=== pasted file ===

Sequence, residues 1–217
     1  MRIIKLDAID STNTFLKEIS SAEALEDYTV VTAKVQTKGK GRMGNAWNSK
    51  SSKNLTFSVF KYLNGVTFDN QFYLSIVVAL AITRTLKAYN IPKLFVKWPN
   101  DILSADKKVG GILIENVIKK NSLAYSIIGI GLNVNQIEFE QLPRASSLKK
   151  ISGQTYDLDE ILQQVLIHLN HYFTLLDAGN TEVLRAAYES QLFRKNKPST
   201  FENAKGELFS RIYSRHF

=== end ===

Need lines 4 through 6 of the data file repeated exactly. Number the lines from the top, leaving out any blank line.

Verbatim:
   101  DILSADKKVG GILIENVIKK NSLAYSIIGI GLNVNQIEFE QLPRASSLKK
   151  ISGQTYDLDE ILQQVLIHLN HYFTLLDAGN TEVLRAAYES QLFRKNKPST
   201  FENAKGELFS RIYSRHF